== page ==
Rory McIlroy and Graeme McDowell are in contention for the WGC-HSBC Champions but that’s not going to push Steve Williams off the back pages with the furore over his insulting remarks about ex-employer Tiger Woods unlikely to die down anytime soon.
In case you missed it, Williams was given an “award” by his fellow caddies for “Celebration of the Year” for his attention-grabbing performance at the WGC-Bridgestone Invitational in August, where his new employer Adam Scott brilliantly won the title.
After punching the air as Scott holed his final putt, Williams later justified his celebration as a natural reaction to what was the “greatest victory of my career”, completely overshadowing the golfer’s apparently minor role in “his” victory. Of course, Williams was still hurt about being sacked by Woods a few weeks previously and felt he had to make a point.
If that wasn’t jaw-droppingly stupid enough, Williams dug his own grave at the “fun” annual awards ceremony the caddies hold during the HSBC Champions. Asked why he’d acted in such as over the top manner in Akron, Williams said: “I wanted to shove it up that black arsehole.”
Accused of a racial slur, it’s likely that not even the great fictional defence lawyer, John Wilkes would be capable of extricating Williams from this scrape.
If you haven’t read “Wilkes: His Life and Crimes” by William Schoonover, I cannot recommend it highly enough. My favourite extract concerns the occasion when Wilkes was held in contempt by his nemesis, the Honorable Justice Joseph P. Blugeot, for calling him “a racist honky motherf****r.” He got away with it in the end but not because he used the age old defence in defamation cases and proved that his statement was true.
Getting back to real life, it appears that Williams might escape official censure for his remarks. Neither his employer (Scott) nor anyone in the golfing establishment appears willing to condemn him. In fact, Scott defended him, believing Williams’ comments were simply unfortunate and taken out of context.
“Everything in that room last night was all in good spirits and a bit of fun, probably taken out of that room in the wrong context,” Scott said after shooting a third-round 69 that left him just three shots behind leader Freddy Jacobson in the WGC-HSBC Champions. “Look, anything with Tiger involved is a story. I value Steve’s contributions to my game and having him on the bag.”
When asked if Williams should be fired, Scott said: “I disagree with that.”
Rory McIlroy is threatening to win for the second week in a row in Shanghai after a third round 65 left him just four shots behind Jacobson (67) on 12 under par. The Swede leads by two strokes from Louis Oosthuizen with Scott, despite all the furore, a shot further back in third.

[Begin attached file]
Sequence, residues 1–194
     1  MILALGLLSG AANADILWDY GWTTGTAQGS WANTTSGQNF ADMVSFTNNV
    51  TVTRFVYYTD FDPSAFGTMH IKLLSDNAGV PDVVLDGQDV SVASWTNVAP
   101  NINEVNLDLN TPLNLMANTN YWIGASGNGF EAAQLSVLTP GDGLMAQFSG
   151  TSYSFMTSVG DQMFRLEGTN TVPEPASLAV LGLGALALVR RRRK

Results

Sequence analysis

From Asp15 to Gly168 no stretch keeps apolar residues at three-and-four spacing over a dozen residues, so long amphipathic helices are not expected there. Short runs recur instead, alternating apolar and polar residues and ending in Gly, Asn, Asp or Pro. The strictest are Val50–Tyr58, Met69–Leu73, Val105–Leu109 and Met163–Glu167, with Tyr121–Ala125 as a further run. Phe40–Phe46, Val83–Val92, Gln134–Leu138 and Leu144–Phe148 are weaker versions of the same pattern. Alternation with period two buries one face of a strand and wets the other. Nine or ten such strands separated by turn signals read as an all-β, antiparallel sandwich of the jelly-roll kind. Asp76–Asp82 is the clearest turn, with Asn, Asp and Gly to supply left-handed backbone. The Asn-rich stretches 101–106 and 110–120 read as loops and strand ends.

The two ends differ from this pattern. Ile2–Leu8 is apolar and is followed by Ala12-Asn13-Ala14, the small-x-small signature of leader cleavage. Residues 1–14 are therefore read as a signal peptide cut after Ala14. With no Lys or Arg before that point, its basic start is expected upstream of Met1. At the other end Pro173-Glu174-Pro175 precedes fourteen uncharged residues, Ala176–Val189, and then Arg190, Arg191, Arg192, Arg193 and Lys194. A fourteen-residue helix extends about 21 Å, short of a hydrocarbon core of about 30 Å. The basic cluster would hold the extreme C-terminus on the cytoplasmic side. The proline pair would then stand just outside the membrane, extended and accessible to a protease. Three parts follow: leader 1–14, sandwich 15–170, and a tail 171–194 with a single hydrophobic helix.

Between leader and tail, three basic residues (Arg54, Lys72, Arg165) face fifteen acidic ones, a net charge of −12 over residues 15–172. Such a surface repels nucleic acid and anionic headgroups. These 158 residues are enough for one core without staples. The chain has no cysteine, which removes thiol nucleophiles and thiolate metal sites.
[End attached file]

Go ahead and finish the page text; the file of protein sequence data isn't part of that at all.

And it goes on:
McIlroy is tied for fourth with his ex-Twitter friend Lee Westwood. They pair will play together on Sunday in a Sunday threeball completed McIlroy’s new Horizon stablemate Graeme McDowell, who is well used to their “jokes with jabs.”
This time, there is a lot at stake between Westwood and McIlroy - the world No 2 ranking. If McIlroy is second alone and Westwood doesn’t win, McIlroy goes to Number 2.
No wonder he was delighted with his golf. However, McIlroy had no desire whatsoever to get involved in the Williams case. He is, after all, under new management and being careful to saying nothing contentious whatsoever:
“I mean, it’s just unfortunate that there’s been such an argument between a player and a caddie. I’ve heard that since then, Stevie has apologised for his comments, and I think now that he’s done that, everyone can just move on and sort of put it behind them.”
Despite his weekend rounds of 81 and 82 at Valderrama last week, McDowell has made a remarkable return to form in Shanghai with a couple of 69s with a 67 leaving him five behind in joint sixth .
But the 32-year old Portrush native, who was present when Williams spoke, doubts the Kiwi meant to be racist towards Woods.
“The comments were surprising, yes,” McDowell said. “I’m aware that he’s released a statement this morning apologising. I would doubt severely if he meant it racially like it came over and, you know, hopefully his apology will in some shape or form settle the matter.
“We don’t want something made out of nothing. It was a fun night and we really hope that it doesn’t become too big of an issue. These are racially sensitive times, especially in sport. It’s unfortunate because it was a very sticky situation.
“I kind of feel bad for him in many ways because, like I say, it was a very humorous evening and it’s unfortunate that it’s come out as negatively as it did. I don’t think Stevie Williams was trying to be racial. I don’t think it was a racial comment. I think he was trying to be funny and make a joke of it.
“It was an embarrassing situation that he was put in. He was up in front of his peers and colleagues and it came out wrong.”
In the midst of all this unpleasantness, a golf tournament has broken out. Unless the Scott-Williams partnership wins, the winner will be quickly forgotten.